Care in South Africa by Shelley Smith
My name is Shelley and I embarked upon the greatest journey of my life to Cape Town through Projects Abroad in May 2010.
As my heartstrings were relentlessly pulled in more than just one direction, thank goodness Projects Abroad was there to allow me the unique possibility to fulfill each equally strong desire. Therefore I joined the Teaching, Care and Journalism Projects.
I began with Teaching and Care. I taught Grade 1 learners in the morning at Hillwood Primary School and in the afternoon participated in an after school programme servicing women and children subject to domestic abuse with Philisa Abafazi Bethu.
I was the only in-room teaching volunteer at the time and did my best to support the teachers. At times when I felt overwhelmed I was encouraged by Projects Abroad staff and reminded that the time and work taken part in is prolific beyond your own immediate understanding.
During my Care placement I was able to participate in a plethora of engaging and motivating activities, whether it be lessons through art, music, or first aid education and safety education from police. All of these taught irreplaceable life skills to these girls that I knew first hand were not being taught in their schools.
My third project was Journalism, this was something I couldn’t get away from doing if I tried. A journalism major myself, it has always been in me to tell stories. Because I had been living in the townships for all this time, you can imagine just how many incredible stories I had heard so I had opted to join Projects Abroad’s magazine publication, The Cape Chameleon, for my last month.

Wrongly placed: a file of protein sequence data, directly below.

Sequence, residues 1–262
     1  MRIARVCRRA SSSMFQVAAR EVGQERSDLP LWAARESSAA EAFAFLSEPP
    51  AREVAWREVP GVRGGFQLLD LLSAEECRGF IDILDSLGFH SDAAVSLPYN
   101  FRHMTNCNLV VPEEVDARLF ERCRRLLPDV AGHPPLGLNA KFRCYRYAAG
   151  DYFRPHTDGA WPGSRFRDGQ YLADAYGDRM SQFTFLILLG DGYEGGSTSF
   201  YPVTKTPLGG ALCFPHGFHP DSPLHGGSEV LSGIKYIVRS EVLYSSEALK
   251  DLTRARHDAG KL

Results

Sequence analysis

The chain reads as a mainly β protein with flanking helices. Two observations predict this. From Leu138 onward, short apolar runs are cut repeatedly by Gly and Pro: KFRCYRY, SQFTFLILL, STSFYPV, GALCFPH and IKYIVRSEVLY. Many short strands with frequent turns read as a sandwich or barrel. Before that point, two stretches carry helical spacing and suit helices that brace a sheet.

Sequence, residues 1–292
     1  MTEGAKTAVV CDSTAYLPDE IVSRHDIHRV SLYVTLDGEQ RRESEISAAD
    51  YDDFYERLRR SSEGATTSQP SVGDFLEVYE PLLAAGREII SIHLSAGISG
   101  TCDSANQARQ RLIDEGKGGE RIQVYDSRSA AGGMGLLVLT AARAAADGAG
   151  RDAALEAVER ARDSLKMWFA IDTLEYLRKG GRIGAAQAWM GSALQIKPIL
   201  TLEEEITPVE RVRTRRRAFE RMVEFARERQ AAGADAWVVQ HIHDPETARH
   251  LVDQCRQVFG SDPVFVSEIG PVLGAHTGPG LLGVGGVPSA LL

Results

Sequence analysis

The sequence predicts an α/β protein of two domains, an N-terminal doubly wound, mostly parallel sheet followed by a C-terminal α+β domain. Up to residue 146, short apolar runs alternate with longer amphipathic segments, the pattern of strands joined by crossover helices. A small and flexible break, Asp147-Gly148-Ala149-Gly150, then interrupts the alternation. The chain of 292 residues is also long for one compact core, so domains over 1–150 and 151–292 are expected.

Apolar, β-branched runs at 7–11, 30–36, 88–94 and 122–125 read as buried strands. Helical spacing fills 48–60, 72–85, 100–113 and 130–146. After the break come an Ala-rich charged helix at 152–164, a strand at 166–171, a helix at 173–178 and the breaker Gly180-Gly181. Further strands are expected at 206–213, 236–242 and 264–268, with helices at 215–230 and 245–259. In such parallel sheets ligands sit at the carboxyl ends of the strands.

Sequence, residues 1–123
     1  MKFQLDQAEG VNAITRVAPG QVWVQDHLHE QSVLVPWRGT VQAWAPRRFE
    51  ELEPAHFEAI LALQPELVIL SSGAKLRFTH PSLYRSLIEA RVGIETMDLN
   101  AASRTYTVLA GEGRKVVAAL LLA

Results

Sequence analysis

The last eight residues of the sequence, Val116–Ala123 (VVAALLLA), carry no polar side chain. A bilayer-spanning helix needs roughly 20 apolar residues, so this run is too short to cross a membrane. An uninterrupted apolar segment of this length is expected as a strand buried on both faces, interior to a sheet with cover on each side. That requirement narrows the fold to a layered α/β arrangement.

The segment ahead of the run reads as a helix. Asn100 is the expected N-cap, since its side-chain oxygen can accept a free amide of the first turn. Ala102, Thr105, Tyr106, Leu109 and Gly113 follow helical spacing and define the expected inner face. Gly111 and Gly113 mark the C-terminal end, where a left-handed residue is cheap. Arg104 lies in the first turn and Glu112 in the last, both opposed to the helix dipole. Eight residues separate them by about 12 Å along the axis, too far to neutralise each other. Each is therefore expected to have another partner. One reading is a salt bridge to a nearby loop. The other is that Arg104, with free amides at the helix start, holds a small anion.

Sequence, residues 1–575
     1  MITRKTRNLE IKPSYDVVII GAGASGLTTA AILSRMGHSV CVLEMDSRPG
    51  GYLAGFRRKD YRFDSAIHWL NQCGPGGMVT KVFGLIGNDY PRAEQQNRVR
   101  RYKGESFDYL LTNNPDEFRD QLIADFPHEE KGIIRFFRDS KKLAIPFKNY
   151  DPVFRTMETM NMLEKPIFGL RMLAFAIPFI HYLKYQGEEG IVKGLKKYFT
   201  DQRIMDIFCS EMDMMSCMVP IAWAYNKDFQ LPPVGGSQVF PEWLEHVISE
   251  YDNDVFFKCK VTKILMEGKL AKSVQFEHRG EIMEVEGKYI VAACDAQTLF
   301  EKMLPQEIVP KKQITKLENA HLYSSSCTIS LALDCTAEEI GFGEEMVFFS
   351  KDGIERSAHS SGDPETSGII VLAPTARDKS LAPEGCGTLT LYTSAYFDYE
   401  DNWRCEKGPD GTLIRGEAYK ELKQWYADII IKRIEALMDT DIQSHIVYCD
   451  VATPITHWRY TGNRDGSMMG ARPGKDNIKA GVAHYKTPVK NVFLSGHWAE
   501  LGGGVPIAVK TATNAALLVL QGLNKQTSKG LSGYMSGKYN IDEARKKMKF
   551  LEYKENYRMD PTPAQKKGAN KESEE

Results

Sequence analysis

The African culture
Culture shock is an absolute real thing, and a real experience that I went through. You are actively working in your projects and thrown into daily life immediately. What I so loved about this new culture I was brought into was the family atmosphere that reverberates through everyone and everything.
My host family
My host family are the most incredible, loving, selfless, encouraging, and supportive group of people I know. My host family took me in as their daughter, and to this day we still talk on Skype several times a week.
Eating with the family was a very different experience. Coming from a culture where we’re very work driven, we often grab a yogurt to-go, eat lunch at our desk, and grab dinner on the fly, it always made me laugh when my host family would comment on my rushed eating habits and small intake quantities.
Projects Abroad gave me every tool I needed to live out my passion and my purpose. I thoroughly enjoyed every moment of my trip and having the ability to grow real and lasting relationships with community members and volunteers from across the world.